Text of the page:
The ANC's election victory ensured that apartheid was finally dismantled and a new Constitution was drawn up and became South Africa's highest law, guaranteeing equality for everyone no matter their race, religion or sexuality.

Apartheid, which began in 1948 and lasted for nearly half-a-century, had oppressed Black and other non-white people through a series of race-based laws. Not only did the laws deny them a vote, they controlled where Black people lived, where they were allowed to go on any given day, what jobs they were allowed to hold and who they were allowed to marry.

30 years on

Current South African President Cyril Ramaphosa — a protege of Mandela — will lead Saturday's 30th anniversary Freedom Day celebrations at the Union Buildings in Pretoria, the seat of government.

A crowd of people sing and give peace signs during a lunchtime peace march in downtown Johannesburg, South Africa, Jan. 27, 1994 ahead of the country's all race elections.
Denis Farrell / AP
/
AP
A crowd of people sing and give peace signs during a lunchtime peace march in downtown Johannesburg, South Africa, Jan. 27, 1994 ahead of the country's all race elections.

The ANC has been in government ever since 1994 and while it is still recognized for its central role in freeing South Africans, it is no longer celebrated in the same way as it was in the hope-filled aftermath of that election.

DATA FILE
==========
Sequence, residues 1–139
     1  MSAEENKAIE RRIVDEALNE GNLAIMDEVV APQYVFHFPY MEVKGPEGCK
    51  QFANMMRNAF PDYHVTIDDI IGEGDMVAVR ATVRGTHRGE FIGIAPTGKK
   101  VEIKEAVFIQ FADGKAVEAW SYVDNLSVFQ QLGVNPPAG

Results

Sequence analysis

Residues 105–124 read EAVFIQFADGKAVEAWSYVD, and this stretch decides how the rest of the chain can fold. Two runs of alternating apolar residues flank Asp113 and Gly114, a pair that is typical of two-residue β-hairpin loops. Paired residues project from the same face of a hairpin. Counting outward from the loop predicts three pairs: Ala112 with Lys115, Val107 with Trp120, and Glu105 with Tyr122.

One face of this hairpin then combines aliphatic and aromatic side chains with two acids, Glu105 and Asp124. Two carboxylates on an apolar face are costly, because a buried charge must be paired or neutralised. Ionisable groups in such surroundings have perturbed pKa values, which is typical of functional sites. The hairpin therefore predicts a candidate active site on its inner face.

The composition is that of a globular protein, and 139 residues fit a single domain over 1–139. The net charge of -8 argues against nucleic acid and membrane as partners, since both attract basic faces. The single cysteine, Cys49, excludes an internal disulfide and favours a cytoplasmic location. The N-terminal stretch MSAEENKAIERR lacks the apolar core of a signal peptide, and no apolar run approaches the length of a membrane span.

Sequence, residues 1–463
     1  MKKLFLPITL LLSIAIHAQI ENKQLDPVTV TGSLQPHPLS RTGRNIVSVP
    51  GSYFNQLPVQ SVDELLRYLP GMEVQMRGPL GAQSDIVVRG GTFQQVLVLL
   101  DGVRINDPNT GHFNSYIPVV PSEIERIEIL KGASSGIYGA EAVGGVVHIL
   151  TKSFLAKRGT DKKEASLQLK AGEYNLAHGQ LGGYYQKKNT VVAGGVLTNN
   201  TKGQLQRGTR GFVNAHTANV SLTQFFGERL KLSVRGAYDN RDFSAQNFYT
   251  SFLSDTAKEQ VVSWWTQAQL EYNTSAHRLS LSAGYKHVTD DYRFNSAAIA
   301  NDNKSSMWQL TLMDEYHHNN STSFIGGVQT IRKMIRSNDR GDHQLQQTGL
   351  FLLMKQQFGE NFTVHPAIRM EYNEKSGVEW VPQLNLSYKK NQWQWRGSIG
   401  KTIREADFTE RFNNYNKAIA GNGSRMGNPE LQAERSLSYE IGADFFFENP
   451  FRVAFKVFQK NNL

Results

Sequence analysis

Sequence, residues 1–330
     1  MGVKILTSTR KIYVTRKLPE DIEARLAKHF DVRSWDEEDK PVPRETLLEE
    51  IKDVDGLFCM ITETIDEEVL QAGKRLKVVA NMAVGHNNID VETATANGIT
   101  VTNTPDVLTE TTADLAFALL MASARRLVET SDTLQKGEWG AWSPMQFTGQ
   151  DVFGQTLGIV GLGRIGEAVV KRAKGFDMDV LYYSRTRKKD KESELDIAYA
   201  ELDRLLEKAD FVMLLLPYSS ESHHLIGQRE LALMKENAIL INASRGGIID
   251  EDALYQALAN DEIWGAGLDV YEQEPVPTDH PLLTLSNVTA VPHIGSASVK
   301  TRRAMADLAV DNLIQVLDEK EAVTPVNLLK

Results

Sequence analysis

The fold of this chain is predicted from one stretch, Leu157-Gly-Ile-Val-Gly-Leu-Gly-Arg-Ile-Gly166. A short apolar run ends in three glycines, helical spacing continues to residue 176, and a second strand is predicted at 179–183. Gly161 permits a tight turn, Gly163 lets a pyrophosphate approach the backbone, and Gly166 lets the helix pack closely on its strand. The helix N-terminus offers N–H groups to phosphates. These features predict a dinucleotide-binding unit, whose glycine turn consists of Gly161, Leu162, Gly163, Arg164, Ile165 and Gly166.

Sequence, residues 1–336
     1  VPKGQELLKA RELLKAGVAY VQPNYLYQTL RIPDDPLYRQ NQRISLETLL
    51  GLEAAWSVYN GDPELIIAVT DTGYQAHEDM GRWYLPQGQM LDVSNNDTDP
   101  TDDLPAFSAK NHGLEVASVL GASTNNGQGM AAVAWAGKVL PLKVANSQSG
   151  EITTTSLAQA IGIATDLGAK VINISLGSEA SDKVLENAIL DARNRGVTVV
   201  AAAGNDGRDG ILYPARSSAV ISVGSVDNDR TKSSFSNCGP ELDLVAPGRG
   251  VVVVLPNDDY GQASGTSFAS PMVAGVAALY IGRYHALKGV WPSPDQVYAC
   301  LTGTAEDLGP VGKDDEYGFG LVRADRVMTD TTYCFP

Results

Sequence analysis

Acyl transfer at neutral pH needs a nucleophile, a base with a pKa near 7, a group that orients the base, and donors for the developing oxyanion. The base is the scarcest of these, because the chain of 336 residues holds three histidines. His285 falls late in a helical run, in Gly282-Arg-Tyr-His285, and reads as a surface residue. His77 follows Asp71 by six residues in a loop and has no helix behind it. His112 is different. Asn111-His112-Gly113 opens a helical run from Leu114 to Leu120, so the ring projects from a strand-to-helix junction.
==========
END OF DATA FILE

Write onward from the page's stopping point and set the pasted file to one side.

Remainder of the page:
South Africa in 2024 has deep socio-economic problems, none more jarring than the widespread and severe poverty that still overwhelmingly affects the Black majority. The official unemployment rate is 32%, the highest in the world, while it's more than 60% for young people aged 15-24.

Millions of Black South Africans still live in neglected, impoverished townships and informal settlements on the fringes of cities in what many see as a betrayal of the heroes Mandela referred to. South Africa is still rated as one of the most unequal countries in the world.

The ANC is now largely being blamed for the lack of progress in improving the lives of so many South Africans, even if the damage of decades of apartheid wasn't going to be easy to undo.

An election poster, with President Cyril Ramaphosa atop a pole in Soweto, South Africa, Monday, April 22, 2024.
Themba Hadebe / AP
/
AP
An election poster, with President Cyril Ramaphosa atop a pole in Soweto, South Africa, Monday, April 22, 2024.

Another pivotal election?

The 30th anniversary of 1994 falls with another possibly pivotal election as a backdrop. South Africa will hold its seventh national vote since the end of apartheid on May 29, with all the opinion polls and analysts predicting that the ANC will lose its parliamentary majority in a new landmark.

The ANC is still expected to be the largest party and will likely have to enter into complicated coalitions with smaller parties to remain part of the government, but the overriding picture that is expected is that more South Africans will vote for other parties in a national election for the first time in their democracy.

South Africans still cherish the memory of Mandela and the elusive freedom and prosperity he spoke about in 1994. But the majority of them now appear ready to look beyond the ANC to attain it.

Copyright 2024 NPR. To see more, visit https://www.npr.org.

The Associated Press
[Copyright 2024 NPR]